At St. Canisius Hospital in Nijmegen, Sister M. Dosithèe Symons saw nurses dance with joy in the convent corridors. People brought out long-hidden radios and, while watching the retreat flood by their windows, listened openly for the first time in long months to the special Dutch service, Radio Orange, from London’s BBC. So excited by the broadcasts was fruit grower Joannes Hurkx, in St. Oedenrode, that he failed to spot a group of Germans back of his house stealing the family bicycles.
In scores of places schools closed and work came to a halt. Employees at the cigar factories in Valkenswaard promptly left their machines and crowded into the streets. Streetcars stopped running in The Hague, the seat of government. In the capital, Amsterdam, the atmosphere was tense and unreal. Offices closed, and trading ceased on the stock exchange. Military units suddenly disappeared from the main thoroughfares, and the central station was mobbed by Germans and Dutch Nazis. On the outskirts of Amsterdam, Rotterdam and The Hague, crowds carrying flags and flowers stood along main roads leading into the cities—hoping to be the first to see British tanks coming from the south.
Rumors grew with every hour. Many in Amsterdam believed that British troops had already freed The Hague, near the coast about thirty miles to the southwest. In The Hague people thought the great port of Rotterdam, fifteen miles away, had been liberated. Rail travelers got a different story every time their trains stopped. One of them, Henri Peijnenburg, a twenty-five-year-old resistance leader traveling from The Hague to his home in Nijmegen, a distance of less than eighty miles, heard at the beginning of his journey that the British had entered the ancient border city of Maastricht. In Utrecht he was told they had reached Roermond. Then, in Arnhem he was assured that the British had taken Venlo, a few miles from the German border. “When I finally got home,” he recalls, “I expected to see the Allies in the streets, but all I saw were the retreating Germans.” Peijnenburg felt confused and uneasy.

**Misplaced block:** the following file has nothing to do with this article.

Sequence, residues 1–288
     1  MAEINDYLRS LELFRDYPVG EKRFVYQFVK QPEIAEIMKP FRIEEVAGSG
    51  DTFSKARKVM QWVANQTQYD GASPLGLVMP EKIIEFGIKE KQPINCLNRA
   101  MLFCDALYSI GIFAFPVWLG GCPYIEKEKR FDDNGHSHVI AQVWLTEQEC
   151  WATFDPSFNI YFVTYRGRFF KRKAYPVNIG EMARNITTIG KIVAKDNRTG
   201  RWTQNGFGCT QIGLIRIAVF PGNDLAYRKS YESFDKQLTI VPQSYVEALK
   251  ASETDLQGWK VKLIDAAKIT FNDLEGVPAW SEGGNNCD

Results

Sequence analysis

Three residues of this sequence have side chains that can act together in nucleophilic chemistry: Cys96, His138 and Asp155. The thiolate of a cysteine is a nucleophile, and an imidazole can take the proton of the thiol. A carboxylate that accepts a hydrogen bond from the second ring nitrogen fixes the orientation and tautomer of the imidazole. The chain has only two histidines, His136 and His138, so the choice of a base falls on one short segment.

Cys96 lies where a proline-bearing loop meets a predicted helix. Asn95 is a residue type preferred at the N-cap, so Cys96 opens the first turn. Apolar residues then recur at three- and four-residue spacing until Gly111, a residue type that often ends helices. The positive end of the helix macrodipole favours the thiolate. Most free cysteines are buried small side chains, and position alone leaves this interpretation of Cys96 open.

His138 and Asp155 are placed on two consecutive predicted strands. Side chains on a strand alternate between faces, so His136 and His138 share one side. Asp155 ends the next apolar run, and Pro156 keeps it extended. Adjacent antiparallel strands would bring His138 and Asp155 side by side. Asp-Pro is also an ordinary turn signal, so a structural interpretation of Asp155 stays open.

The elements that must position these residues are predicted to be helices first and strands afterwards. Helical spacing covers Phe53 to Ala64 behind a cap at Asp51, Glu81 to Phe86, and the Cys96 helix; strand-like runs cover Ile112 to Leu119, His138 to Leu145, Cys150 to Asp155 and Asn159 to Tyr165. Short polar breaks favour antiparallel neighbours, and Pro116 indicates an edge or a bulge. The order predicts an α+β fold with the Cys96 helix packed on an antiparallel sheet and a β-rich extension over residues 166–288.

Others shared his concern—especially the underground high command meeting secretly in The Hague. To them, tensely watching the situation, Holland seemed on the threshold of freedom. Allied tanks could easily slice through the country all the way from the Belgian border to the Zuider Zee. The underground was certain that the “gateway”—through Holland, across the Rhine and into Germany—was wide open.
The resistance leaders knew the Germans had virtually no fighting forces capable of stopping a determined Allied drive. They were almost scornful of the one weak and undermanned division composed of old men guarding coastal defenses (they had been sitting in concrete bunkers since 1940 without firing a shot), and of a number of other low-grade troops, whose combat capabilities were extremely doubtful, among them Dutch SS, scratch garrison troops, convalescents and the medically unfit—these last grouped into units aptly known as “stomach” and “ear” battalions, because most of the men suffered from ulcers or were hard of hearing.
To the Dutch the Allied move seemed obvious, invasion imminent. But its success depended on the speed of British forces driving from the south, and about this the underground high command was puzzled: they were unable to determine the precise extent of the Allied advance.
Checking on the validity of Prime Minister Gerbrandy’s statement that Allied troops had already crossed the frontier was no simple matter. Holland was small—only about two thirds the size of Ireland—but it had a dense population of more than nine million, and as a result the Germans had difficulty controlling subversive activity. There were underground cells in every town and village. Still, transmitting information was hazardous. The principal, and most dangerous, method was the telephone. In an emergency, using complicated circuitry, secret lines and coded information, resistance leaders could call all over the country. Thus, on this occasion, underground officials knew within minutes that Gerbrandy’s announcement was premature: British troops had not crossed the border.
Other Radio Orange broadcasts further compounded the confusion. Twice in a little more than twelve hours (at 11:45 P.M. on September 4 and again on the morning of September 5) the Dutch Service of the BBC announced that the fortress city of Breda, seven miles from the Dutch-Belgian border, had been liberated. The news spread rapidly. Illegal, secretly printed newspapers promptly prepared liberation editions featuring the “fall of Breda.” But the Arnhem regional resistance chief, thirty-eight-year-old Pieter Kruyff, whose group was one of the nation’s most highly skilled and disciplined, seriously doubted the Radio Orange bulletin. He had his communications expert Johannes Steinfort, a young telephone-company instrument maker, check the report. Quickly tying in to a secret circuit connecting him with the underground in Breda, Steinfort became one of the first to learn the bitter truth: the city was still in German hands. No one had seen Allied troops, either American or British.